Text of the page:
The Local Hospital Closed. These Doctors Didn't Give Up.

Larry Beresford

Disclosures

September 23, 2019

If They See It, They Will Come

If doctors haven't been exposed to a rural practice, they can't know if they'd love it or not, Becher argues. "I'm not jaded or miserable or burned out, at least not today." However, that is because she learned the hard way to set reasonable limits on the job and to prioritize her own well-being by ensuring that she found time to exercise, eat right, and take vacations. "I had to put the brakes on things to make my life more realistic," she says.

The community Becher serves requires that she pay attention to addressing the social determinants of health affecting her patients. "If you don't think you have to put a lot of effort into managing these critical factors, you're not paying attention," she says.

"I see things here that you learn in medical school and answer on boards but never expect to see in the real world, such as parasitology because of water contamination. I see the end-stage version of a lot of diseases because people came to my office instead of going to the hospital—things that might have been prevented if treated earlier." Some of the patients aren't willing to go to the city for the hospital's more technical care, she says. "They say, 'Do what you can, doctor. Then I'm going home.'"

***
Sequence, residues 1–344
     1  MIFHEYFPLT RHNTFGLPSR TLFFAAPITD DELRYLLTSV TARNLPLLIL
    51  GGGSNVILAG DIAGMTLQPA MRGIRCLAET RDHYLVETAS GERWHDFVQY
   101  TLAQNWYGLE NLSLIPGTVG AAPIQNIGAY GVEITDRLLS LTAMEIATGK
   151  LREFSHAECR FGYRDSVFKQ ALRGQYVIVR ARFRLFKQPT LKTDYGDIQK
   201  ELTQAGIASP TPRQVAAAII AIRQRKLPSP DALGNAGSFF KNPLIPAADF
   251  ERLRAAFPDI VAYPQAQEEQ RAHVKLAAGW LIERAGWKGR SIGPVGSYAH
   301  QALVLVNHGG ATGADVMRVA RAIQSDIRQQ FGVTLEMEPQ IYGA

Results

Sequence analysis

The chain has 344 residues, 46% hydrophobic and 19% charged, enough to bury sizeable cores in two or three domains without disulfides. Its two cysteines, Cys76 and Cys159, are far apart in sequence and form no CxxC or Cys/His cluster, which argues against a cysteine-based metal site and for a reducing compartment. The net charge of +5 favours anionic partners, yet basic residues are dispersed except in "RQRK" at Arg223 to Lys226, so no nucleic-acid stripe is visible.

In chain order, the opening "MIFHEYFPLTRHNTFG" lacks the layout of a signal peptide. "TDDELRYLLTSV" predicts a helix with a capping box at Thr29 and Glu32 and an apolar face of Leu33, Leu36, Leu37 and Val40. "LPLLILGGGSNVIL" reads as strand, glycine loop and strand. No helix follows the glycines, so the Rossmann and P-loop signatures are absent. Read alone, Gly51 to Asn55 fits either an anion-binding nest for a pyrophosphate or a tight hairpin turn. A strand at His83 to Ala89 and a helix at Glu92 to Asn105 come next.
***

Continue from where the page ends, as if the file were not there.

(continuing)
Lofton says his rural medical practice feels like a calling. Last year he didn't take any vacation for 11 months and felt okay for the first 10 of them, he explains while on a call from the Colorado mountains, where he's vacationing with his family.

"I have an NP who can run the practice. This week my staff are calling and texting me first thing in the morning, and another doctor in town agreed to see my patients if needed in my absence."

AAFP President Cullen notes that "at AAFP we see family medicine as the answer to rural health issues. We just need the right people going to medical school." He is an advocate for family medicine and primary care, not just in Valdez but nationally, and sees the urgency to solve rural hospital closures.

In just a few years, advances in technology such as telemedicine mean that it will be possible to do much more care in the small rural hospital, decreasing their outcome differentials with bigger hospitals. "For example, we'll utilize teleradiology with more portable radiology machines and access to radiologists who can read the results in real time. But the trick is that you also need somebody with some surgical and other hands-on skills based in the community."

Once a hospital closes, Cullen says, it's hard to bring it back. "You lose the culture of physicians, the skilled pool of nursing staff and administration. There could be a renaissance of rural healthcare coming. But not if the hospitals are gone."

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